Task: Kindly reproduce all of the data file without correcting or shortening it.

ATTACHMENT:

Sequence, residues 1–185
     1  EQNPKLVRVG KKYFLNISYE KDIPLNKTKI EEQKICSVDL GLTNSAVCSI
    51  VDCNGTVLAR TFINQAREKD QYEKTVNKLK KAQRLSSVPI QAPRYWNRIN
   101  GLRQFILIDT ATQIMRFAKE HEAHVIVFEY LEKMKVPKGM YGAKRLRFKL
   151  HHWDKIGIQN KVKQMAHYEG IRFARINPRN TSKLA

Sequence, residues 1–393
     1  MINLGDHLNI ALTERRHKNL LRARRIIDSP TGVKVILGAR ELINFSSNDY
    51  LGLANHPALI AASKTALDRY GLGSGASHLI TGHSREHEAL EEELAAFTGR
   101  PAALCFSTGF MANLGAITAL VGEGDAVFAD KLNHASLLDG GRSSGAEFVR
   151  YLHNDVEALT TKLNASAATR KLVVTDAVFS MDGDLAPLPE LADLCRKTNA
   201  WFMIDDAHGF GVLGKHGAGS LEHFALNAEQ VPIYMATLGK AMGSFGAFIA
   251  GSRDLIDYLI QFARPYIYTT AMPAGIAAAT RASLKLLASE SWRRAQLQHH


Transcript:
Sequence, residues 1–185
     1  EQNPKLVRVG KKYFLNISYE KDIPLNKTKI EEQKICSVDL GLTNSAVCSI
    51  VDCNGTVLAR TFINQAREKD QYEKTVNKLK KAQRLSSVPI QAPRYWNRIN
   101  GLRQFILIDT ATQIMRFAKE HEAHVIVFEY LEKMKVPKGM YGAKRLRFKL
   151  HHWDKIGIQN KVKQMAHYEG IRFARINPRN TSKLA

Sequence, residues 1–393
     1  MINLGDHLNI ALTERRHKNL LRARRIIDSP TGVKVILGAR ELINFSSNDY
    51  LGLANHPALI AASKTALDRY GLGSGASHLI TGHSREHEAL EEELAAFTGR
   101  PAALCFSTGF MANLGAITAL VGEGDAVFAD KLNHASLLDG GRSSGAEFVR
   151  YLHNDVEALT TKLNASAATR KLVVTDAVFS MDGDLAPLPE LADLCRKTNA
   201  WFMIDDAHGF GVLGKHGAGS LEHFALNAEQ VPIYMATLGK AMGSFGAFIA
   251  GSRDLIDYLI QFARPYIYTT AMPAGIAAAT RASLKLLASE SWRRAQLQHH